carneae connects the interventricular septum to the base of the
anterior papillary muscle. Contraction of this band of muscle
prevents overdistention of the ventricle.
The interventricular septum is largely muscular, but its superior
aspect contains a small membranous portion that is a common site
for ventricular septal defects.
Clinical: Ventricular septal defect is the most common
congenital heart defect. The most common site of occurrence is
in the perimembranous region of the septum, just beneath the
tricuspid and mitral valves. This defect results in a left-to-right
shunt of blood and may precipitate congestive heart failure.
Thorax
Atlas Plate 217
Left Atrium and Ventricle: Flap Opened
in Posterolateral Wall of Left Ventricle
8
7
1
2
6
3
5
4
Thorax
3-23
Left Atrium and Ventricle: Flap Opened
in Posterolateral Wall of Left Ventricle
1.
2.
3.
4.
5.
6.
7.
8.
Left auricle
Mitral valve (Posterior and Anterior cusps)
Anterior papillary muscle
Chordae tendineae
Left atrium
Left pulmonary veins
Ligamentum arteriosum
Arch of aorta
Comment: The left ventricle is significantly thicker than the right
ventricle. It contains 2 papillary muscles whose chordae tendineae
attach to the cusps of the mitral (left atrioventricular, or bicuspid)
valve. The mitral valve looks like a bishop’s miter.
Heart sounds (lub-dub) occur from the closing of the valves. The
1st heart sound results from the closing of the mitral and tricuspid
valves, whereas the 2nd heart sound results from the closing of the
aortic and pulmonic valves.
Clinical: Because of the pressures it must withstand, the mitral
valve is most often involved in valvular heart disease. Mitral
stenosis (narrowing) can impede the flow of blood from the left
atrium to the left ventricle, causing left atrial dilation. Mitral
regurgitation (insufficiency) is often caused by abnormalities of
the valve leaflets, rupture or fibrosis of a papillary muscle, or
rupture of the chordae tendineae.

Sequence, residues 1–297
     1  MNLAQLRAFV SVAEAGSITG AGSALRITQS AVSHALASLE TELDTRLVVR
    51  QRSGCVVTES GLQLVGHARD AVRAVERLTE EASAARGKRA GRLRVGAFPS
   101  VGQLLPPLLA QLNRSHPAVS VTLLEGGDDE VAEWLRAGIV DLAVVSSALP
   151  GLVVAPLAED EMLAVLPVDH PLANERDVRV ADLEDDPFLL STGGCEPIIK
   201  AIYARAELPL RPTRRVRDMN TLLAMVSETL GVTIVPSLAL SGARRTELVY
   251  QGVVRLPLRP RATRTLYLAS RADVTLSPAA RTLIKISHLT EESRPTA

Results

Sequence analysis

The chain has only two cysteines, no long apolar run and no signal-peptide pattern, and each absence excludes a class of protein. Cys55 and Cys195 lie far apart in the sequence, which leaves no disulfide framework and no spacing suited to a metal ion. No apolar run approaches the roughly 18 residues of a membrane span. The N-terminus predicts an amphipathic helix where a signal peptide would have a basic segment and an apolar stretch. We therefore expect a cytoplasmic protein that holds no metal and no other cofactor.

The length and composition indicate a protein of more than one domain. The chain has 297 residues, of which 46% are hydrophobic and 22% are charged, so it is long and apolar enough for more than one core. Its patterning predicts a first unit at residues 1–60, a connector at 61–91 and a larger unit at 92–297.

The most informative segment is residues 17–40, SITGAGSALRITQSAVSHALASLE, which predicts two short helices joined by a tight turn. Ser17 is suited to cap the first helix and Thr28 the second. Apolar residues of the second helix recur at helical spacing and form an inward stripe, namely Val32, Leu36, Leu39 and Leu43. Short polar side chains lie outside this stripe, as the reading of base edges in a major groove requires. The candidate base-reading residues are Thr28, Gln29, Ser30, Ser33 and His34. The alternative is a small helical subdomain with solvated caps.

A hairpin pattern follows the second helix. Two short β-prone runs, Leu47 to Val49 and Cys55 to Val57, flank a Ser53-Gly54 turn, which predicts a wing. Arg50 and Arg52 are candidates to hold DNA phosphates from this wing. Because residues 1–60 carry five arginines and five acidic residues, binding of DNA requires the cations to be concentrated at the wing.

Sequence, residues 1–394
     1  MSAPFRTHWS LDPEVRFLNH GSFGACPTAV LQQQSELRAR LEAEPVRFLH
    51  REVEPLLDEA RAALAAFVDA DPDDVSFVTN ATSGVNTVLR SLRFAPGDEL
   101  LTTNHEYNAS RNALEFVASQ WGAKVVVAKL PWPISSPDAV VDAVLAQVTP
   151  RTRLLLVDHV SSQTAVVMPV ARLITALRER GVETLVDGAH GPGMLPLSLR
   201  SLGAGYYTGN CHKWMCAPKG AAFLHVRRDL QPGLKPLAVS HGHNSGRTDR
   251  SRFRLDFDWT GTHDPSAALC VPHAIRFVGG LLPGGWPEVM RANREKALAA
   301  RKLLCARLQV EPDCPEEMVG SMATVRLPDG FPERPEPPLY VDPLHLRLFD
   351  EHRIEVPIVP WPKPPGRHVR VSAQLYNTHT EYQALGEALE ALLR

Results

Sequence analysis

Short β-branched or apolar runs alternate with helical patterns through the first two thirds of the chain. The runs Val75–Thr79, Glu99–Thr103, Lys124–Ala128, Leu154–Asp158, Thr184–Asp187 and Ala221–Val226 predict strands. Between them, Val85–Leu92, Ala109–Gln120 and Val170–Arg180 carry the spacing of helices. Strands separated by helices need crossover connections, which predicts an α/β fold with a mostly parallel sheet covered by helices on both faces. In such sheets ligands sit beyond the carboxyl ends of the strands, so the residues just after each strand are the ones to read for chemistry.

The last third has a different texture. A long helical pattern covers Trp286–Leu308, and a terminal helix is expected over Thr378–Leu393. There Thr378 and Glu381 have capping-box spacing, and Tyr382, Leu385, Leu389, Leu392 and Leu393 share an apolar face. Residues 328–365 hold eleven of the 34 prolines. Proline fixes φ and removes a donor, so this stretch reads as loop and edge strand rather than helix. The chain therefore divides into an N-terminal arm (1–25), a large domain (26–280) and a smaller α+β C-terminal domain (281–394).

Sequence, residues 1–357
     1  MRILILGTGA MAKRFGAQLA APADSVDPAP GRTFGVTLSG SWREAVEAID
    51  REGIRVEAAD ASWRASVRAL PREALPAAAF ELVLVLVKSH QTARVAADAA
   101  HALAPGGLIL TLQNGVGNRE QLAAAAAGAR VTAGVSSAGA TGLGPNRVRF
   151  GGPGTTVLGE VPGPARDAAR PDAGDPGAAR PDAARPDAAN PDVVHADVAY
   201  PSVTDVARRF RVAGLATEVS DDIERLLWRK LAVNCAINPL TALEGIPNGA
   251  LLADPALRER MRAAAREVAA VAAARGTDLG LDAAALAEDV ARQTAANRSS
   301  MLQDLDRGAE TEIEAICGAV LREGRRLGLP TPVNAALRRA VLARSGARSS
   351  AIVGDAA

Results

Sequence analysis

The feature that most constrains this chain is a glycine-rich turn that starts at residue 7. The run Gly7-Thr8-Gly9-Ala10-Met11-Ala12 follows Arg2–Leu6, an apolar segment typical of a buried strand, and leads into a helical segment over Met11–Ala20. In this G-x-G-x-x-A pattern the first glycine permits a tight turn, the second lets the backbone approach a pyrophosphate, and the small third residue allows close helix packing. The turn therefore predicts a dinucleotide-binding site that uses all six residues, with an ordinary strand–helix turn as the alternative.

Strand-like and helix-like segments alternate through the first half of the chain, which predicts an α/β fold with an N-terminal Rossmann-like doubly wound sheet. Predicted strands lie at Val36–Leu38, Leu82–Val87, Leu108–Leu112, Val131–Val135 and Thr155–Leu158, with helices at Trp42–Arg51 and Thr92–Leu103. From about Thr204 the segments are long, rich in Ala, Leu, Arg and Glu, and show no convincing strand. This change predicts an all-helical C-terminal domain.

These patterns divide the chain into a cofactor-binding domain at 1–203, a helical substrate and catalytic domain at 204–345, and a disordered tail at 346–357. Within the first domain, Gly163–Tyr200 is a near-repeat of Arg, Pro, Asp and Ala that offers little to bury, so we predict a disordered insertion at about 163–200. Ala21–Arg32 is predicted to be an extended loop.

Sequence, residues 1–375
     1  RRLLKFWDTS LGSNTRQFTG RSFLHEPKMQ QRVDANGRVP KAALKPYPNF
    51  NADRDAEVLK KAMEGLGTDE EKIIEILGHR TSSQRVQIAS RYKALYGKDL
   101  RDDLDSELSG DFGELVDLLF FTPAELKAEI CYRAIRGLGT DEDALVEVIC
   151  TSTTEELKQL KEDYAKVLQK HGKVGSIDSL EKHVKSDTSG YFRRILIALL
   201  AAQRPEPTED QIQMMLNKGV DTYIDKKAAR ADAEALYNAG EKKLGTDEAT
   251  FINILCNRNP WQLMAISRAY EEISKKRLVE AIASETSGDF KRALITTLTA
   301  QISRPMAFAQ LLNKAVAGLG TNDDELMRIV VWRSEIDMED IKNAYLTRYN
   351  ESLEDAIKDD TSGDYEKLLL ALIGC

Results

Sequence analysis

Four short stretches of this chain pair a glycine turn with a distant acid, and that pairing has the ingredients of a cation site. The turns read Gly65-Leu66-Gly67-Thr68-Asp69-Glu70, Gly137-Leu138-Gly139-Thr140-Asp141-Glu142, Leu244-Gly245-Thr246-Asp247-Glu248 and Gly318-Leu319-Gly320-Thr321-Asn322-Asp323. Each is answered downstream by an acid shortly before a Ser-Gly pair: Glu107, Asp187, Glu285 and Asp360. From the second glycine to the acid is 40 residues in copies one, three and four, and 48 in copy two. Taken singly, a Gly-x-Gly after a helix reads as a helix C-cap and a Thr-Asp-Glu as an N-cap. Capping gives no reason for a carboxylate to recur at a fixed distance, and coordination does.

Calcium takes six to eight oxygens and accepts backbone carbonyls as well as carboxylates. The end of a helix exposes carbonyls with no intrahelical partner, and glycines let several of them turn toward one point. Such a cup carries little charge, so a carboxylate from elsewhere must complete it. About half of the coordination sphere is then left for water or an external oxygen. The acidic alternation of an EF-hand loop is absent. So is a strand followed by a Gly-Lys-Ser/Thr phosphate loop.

Thorax
Atlas Plate 218
Left Atrium and Ventricle: Section with
Mitral Valve Cut Away
1
6
2
5
3
4
Thorax
3-24
Left Atrium and Ventricle: Section with
Mitral Valve Cut Away
1.
2.
3.
4.
5.
6.
Left auricle
Aortic valve (Left, Right, and Posterior semilunar cusps)
Muscular part of interventricular septum
Left atrium
Valve of foramen ovale
Left pulmonary artery
Comment: Usually, the left atrium is smaller than the right atrium,
but it has thicker walls. Oxygenated blood from the lungs passes into
the left atrium through 4 pulmonary veins.
Most of the interventricular septum is muscular, but the uppermost
portion is membranous and is a common site for ventricular septal
defects.
The upper portion of the left ventricle, known as the aortic vestibule,
is the outflow tract to the ascending aorta. The aortic valve has 3
semilunar cusps.
Clinical: Valvular heart disease can arise from a variety of
conditions (stenosis, rupture of papillary muscles or chordae
tendineae, malformed valve leaflets) and most often involves
either the mitral or the aortic valves.
The major blood supply to the interventricular septum is via
the left anterior descending branch of the left coronary artery.
Ischemia of the interventricular septum may compromise the
Purkinje conduction system innervating the septum and
ventricular walls.
Thorax
Atlas Plate 218
Valves and Fibrous Skeleton of Heart
Heart in diastole:
viewed from base with atria removed
1
6
8
2
7
3
5
4
Thorax
3-25
Valves and Fibrous Skeleton of Heart
1.
2.
3.
4.
5.
6.
7.
8.
Pulmonary valve (Anterior, Right, and Left semilunar cusps)
Aortic valve (Right, Left, and Posterior semilunar cusps)
Mitral valve (Anterior and Posterior cusps)
Left fibrous ring (of mitral valve)
Right fibrous trigone
Left fibrous trigone
Tricuspid valve (Anterior, Septal, and Posterior cusps)
Membranous septum (Interventricular and Atrioventricular parts)
Comment: The 1st heart sound (“lub”) is caused by closure of the
tricuspid and mitral valves at the onset of ventricular systole. The
2nd heart sound (“dub”) is caused by closure of the aortic and
pulmonary valves at the onset of ventricular diastole.
The pulmonary valve is a semilunar valve with 3 cusps. Through the
stethoscope, this valve is best heard over the left 2nd intercostal
space, just lateral to the sternum. The aortic valve also is a semilunar
valve with 3 cusps. Closure of this valve is best heard over the right
2nd intercostal space just lateral to the sternum.
The mitral (bicuspid, or left atrioventricular) valve has 2 cusps. Its
closure at the onset of ventricular systole is best heard in the left 5th
intercostal space, at the midclavicular line. The tricuspid (right
atrioventricular) valve has 3 cusps. Its sound is best heard over the
lower portion of the body of the sternum.
The wall of the heart is composed principally of cardiac muscle and
a fibrous skeleton that provides attachment points for some of the
cardiac muscle fibers and each heart valve.
Clinical: The heart valves are avascular, and for some mitral
valve replacement surgeries, a porcine (pig) valve may be used
because it is roughly the same size as a human valve.
Thorax
Atlas Plate 219
Mediastinum: Cross Section at Level
of T8 Vertebra
6
7
5
8
4
9
10
3
2
Thorax
1
3-26
Mediastinum: Cross Section at Level
of T8 Vertebra
1.
2.
3.
4.
5.
6.
7.
8.
9.